Thirteen monuments, memorials, and statues honoring West Virginians for their contributions to the state and the nation grace the Capitol Complex's landscaped grounds.
Culture can also be experienced at the Clay Center for the Arts and Sciences, a modern, 240,000-square-foot, three-level complex which opened on July 12, 2003 and represents one of the most ambitious economic, cultural, and educational projects in West Virginia's history. Offering sciences, visual arts, and performing arts under a single roof, the center houses the dual-level Avampato Discovery Museum, an interactive, youth-oriented experience with sections such as Health Royale, KidSpace, Earth City, and Gizmo Factory. A 9,000-square-foot Art Gallery, located on the second floor, features both temporary and permanent exhibits, the latter emphasizing 19th and 20th century art by names such as Andy Warhol, Stuart Davis, Alexander Calder, Frank Stella, Vida Frey, and Albert Paley. The ElectricSky Theater, a 61-foot domed planetarium, offers daily astronomy shows and wide screen presentations. Live performances are staged in two locations: the 1,883-seat Maier Foundation Performance Hall, which is home to the West Virginia Symphony Orchestra, but otherwise offers a variety of performance types, from comedy to popular singers, bands, repertory, and Broadway plays, and the 200-seat Walker Theater, which features plays and dances with cabaret-style seating for the Woody Hawley singer-songwriter program. The Douglas V. Reynolds Intermezzo Café and three classrooms are located on the lower level.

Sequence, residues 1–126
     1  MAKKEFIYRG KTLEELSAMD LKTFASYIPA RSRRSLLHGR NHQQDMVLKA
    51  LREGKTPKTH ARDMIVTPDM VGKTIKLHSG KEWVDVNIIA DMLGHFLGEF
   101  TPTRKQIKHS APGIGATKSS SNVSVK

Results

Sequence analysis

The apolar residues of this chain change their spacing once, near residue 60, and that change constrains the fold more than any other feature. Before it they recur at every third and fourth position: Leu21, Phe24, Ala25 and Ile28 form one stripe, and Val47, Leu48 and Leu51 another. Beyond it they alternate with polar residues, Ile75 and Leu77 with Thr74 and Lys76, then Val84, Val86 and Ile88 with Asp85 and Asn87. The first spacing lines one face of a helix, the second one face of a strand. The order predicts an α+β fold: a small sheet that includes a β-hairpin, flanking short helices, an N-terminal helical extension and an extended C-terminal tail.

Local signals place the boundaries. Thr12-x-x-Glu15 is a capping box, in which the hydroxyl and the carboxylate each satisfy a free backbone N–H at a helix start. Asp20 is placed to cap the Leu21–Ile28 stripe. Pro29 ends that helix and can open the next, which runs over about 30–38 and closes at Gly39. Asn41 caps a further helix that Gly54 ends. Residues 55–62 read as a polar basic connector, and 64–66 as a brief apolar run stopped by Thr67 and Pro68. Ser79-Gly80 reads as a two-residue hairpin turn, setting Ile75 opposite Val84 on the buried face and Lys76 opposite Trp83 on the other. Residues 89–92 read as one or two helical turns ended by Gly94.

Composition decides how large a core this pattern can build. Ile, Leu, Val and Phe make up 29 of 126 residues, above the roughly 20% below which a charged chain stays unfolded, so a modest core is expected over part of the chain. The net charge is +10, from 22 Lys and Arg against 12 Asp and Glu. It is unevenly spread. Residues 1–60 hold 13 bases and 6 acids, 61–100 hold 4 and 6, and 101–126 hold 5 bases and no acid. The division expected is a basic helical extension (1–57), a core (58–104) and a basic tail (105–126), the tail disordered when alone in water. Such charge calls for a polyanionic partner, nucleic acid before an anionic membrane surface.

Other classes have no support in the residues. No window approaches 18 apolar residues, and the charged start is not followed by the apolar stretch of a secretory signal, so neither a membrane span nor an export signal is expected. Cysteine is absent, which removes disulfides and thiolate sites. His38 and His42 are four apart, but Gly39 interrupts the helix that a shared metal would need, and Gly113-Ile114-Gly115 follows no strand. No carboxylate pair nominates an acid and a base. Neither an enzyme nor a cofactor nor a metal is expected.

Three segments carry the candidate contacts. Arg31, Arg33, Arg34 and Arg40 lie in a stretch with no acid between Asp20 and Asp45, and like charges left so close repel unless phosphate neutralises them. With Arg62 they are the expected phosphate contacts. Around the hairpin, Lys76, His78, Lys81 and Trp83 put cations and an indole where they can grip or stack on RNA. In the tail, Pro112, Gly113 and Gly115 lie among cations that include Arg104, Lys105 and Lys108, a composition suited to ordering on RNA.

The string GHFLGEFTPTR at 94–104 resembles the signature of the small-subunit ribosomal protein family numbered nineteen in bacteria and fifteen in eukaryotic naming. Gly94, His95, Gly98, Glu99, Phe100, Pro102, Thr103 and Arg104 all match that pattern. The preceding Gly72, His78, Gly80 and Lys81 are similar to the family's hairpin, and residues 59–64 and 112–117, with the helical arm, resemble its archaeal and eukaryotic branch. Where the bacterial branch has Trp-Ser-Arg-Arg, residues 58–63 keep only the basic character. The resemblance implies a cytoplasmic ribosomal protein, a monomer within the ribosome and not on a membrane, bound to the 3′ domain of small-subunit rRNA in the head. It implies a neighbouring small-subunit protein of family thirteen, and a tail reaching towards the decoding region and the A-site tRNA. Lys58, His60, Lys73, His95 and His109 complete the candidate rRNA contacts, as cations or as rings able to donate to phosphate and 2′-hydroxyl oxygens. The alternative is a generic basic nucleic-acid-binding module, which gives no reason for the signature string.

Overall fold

Shopping can be done at two major venues. The Charleston Town Center Mall, located adjacent to the Town Center Marriott and Embassy Suites Hotel, and near the Civic Center, is a one million square foot, tri-level complex with more than 130 stores, three anchor department stores, six full-service restaurants, and a food court with ten additional fast food venues, and is accessed through three convenient parking garages. Sporting a three-story atrium and fountain, the upscale, Kanawha Valley complex was the largest urban shopping center east of the Mississippi River when it opened in 1983.
The Capitol Market, located on Capitol and Sixth Streets in the restored and converted, 1800s Kanawha and Michigan Railroad depot, is subdivided into both in- and outdoor markets, the latter of which can only be used by bona fide farmers and receives daily, fresh, seasonal deliveries, usually consisting of flowers, shrubs, and trees in the spring; fruits and vegetables in the summer; pumpkins, gourds, and cornstalks in the fall; and Christmas trees, wreaths, and garlands in the winter. The indoor market sells seafood, cheeses, and wines, and offers several small food stands and a full-service Italian restaurant.